Saturday afternoon marks the 50th anniversary of the launch of the Apollo 13 mission, dubbed the "successful failure" of the Apollo program.
Although an explosion prevented astronauts James Lovell Jr., John Swigert Jr. and Fred Haise Jr. from participating in the third planned lunar landing, NASA's engineers and flight control teams at the Apollo Mission Control Center worked with the astronauts to safely return them to Earth.
Perhaps you watched the afternoon launch on TV when it happened on April 11, 1970, or first learned about the mission watching the 1995 "Apollo 13" film.
NASA software engineer and historian Ben Feist, along with a dedicated team of historians, researchers and audio, film and visual experts, have digitized and restored footage and audio from the mission.
Everything is organized in the order it happened during the mission, from launch to the celebrated return of the astronauts to Earth.
Mission Control footage is married with film taken by the astronauts during their flight, as well as broadcasts about the mission. Every photo has been inserted when it was taken.
More than 7,200 hours from 50 different channels of Mission Control audio are synchronized to play out as they were spoken.
There were four missing tapes from Apollo 13 Mission Control that were recovered from the National Archives in fall 2019. They contain the audio from the time of the explosion aboard Apollo 13.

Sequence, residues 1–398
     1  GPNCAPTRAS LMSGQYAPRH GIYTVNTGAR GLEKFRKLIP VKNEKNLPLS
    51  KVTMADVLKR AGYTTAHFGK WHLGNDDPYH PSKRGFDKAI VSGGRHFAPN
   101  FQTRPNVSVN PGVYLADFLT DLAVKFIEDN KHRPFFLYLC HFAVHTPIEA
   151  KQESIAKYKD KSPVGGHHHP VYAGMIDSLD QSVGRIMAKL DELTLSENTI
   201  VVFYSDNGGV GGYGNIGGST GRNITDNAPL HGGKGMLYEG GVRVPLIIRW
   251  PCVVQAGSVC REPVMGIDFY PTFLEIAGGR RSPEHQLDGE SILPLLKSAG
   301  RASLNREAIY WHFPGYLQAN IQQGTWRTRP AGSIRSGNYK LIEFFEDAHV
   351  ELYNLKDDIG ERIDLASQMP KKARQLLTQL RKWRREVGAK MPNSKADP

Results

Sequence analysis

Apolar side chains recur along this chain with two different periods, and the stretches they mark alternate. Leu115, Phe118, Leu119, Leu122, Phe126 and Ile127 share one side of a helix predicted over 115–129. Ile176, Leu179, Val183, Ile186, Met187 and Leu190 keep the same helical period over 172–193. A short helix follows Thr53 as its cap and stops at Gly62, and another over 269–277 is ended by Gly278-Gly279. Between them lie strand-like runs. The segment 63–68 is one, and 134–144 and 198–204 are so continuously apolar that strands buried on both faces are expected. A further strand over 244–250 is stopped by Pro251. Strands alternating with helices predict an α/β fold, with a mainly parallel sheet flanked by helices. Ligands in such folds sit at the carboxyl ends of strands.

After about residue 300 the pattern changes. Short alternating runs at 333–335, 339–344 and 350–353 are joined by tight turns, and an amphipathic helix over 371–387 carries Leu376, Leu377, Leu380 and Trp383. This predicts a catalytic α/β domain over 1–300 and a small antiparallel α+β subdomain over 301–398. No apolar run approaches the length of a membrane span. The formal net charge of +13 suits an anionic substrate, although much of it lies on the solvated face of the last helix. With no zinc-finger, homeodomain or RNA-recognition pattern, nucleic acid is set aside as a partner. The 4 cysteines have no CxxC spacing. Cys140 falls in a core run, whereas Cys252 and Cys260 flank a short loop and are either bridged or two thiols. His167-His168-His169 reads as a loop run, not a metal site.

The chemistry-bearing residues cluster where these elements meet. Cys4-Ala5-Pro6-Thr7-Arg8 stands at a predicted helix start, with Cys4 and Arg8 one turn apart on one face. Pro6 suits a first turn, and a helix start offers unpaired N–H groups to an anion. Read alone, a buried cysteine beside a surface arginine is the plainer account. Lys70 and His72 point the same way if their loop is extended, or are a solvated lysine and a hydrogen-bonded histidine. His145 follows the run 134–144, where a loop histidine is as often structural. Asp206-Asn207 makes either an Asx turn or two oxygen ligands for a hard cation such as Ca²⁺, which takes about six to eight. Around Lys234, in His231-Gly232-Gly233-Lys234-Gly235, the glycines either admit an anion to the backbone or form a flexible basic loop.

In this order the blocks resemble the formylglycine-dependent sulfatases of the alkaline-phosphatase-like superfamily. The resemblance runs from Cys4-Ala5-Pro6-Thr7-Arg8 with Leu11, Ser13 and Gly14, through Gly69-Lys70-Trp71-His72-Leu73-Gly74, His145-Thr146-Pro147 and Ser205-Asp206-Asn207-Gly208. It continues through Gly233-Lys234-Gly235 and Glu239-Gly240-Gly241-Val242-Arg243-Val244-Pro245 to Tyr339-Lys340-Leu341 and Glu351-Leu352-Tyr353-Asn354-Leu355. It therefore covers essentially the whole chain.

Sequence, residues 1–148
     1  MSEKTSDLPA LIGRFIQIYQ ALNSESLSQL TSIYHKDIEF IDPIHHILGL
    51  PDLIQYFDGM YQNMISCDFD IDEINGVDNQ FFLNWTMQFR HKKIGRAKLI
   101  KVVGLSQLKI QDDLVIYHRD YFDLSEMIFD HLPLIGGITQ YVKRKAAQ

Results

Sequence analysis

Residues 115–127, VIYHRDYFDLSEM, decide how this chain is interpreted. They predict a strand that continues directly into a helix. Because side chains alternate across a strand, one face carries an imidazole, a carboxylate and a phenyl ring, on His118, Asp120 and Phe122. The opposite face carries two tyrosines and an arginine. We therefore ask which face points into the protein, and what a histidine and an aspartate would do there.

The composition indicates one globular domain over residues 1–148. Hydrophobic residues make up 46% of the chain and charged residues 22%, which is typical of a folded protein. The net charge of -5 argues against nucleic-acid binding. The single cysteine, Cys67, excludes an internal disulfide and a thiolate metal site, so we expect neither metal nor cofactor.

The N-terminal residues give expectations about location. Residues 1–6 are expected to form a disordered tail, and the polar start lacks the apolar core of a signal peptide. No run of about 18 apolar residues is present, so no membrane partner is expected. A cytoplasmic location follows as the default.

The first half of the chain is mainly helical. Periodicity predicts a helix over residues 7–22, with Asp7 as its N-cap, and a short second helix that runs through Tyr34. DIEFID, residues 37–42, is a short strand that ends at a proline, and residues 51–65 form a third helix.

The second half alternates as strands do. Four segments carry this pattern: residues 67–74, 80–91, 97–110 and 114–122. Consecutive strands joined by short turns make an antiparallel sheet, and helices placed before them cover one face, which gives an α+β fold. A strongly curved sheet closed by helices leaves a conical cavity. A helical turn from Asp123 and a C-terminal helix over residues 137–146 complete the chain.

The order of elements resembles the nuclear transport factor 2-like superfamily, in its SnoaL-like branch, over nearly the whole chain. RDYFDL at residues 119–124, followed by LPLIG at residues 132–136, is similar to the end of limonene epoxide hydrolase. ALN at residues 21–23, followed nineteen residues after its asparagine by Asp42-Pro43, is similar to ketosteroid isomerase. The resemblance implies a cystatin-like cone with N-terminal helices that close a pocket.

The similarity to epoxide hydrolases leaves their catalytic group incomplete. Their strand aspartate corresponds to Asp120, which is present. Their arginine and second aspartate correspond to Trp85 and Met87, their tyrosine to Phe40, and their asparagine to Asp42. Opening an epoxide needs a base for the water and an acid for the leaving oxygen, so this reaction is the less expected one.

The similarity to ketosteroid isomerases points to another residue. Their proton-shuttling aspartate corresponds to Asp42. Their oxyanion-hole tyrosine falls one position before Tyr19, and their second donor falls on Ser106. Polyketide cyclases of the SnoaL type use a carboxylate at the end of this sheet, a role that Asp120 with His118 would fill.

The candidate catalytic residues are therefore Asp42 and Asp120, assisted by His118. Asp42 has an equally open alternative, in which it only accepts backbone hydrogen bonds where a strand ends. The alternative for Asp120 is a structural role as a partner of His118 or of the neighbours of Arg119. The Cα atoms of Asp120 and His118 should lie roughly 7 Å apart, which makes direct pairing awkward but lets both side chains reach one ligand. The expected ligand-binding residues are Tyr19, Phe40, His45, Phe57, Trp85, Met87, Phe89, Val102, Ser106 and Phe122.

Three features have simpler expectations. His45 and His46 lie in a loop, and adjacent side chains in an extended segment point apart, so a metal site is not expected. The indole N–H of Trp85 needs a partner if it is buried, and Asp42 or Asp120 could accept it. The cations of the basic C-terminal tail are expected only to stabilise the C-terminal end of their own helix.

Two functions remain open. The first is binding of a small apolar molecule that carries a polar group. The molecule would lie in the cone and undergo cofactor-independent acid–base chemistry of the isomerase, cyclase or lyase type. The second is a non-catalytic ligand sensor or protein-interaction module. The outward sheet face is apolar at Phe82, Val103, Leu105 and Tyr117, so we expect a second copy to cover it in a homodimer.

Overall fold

After being digitized and restored, it's the first time the recordings have been heard since they were used in the investigation of the accident in 1970.
The tapes disappeared for so long because they were packed away with the rest of the accident investigation material in 1972, according to an article by Catherine Baldwin, the NASA History Center's editor and social media coordinator. The article appeared in the latest edition of NASA History's News and Notes Newsletter.
The intriguing audio captures the range of emotions and magnitude of stress experienced by the astronauts and ground teams as they worked together to safely return the three men. It's a race against time over five days, 22 hours and 54 minutes.
At the beginning of the mission, there are jokes and fun, humanizing exchanges. After the success of the Apollo 11 mission in 1969, certain aspects of spaceflight had started to feel routine and it's palpable in the crew.
Everything takes a drastic shift when the explosion occurs on April 13, 1970. Tension, strain and long pauses as they search for words mark the exchanges between the astronauts and Mission Control.
Historic moments stand out, such as the infamous words spoken by Lovell of "Houston, we've had a problem," or Haise saying, "I didn't think I'd be back here this soon" as he and Lovell entered the lunar module after the explosion, preparing to use it as a "lifeboat."
The Apollo 13 project joins two others on Feist's site, a NASA-funded project including real-time explorations of the Apollo 11 and Apollo 17 missions.
Feist also performed audio restoration for the "Apollo 11" documentary, directed by Todd Douglas Miller, that aired on CNN in 2019 for the 50th anniversary of the mission.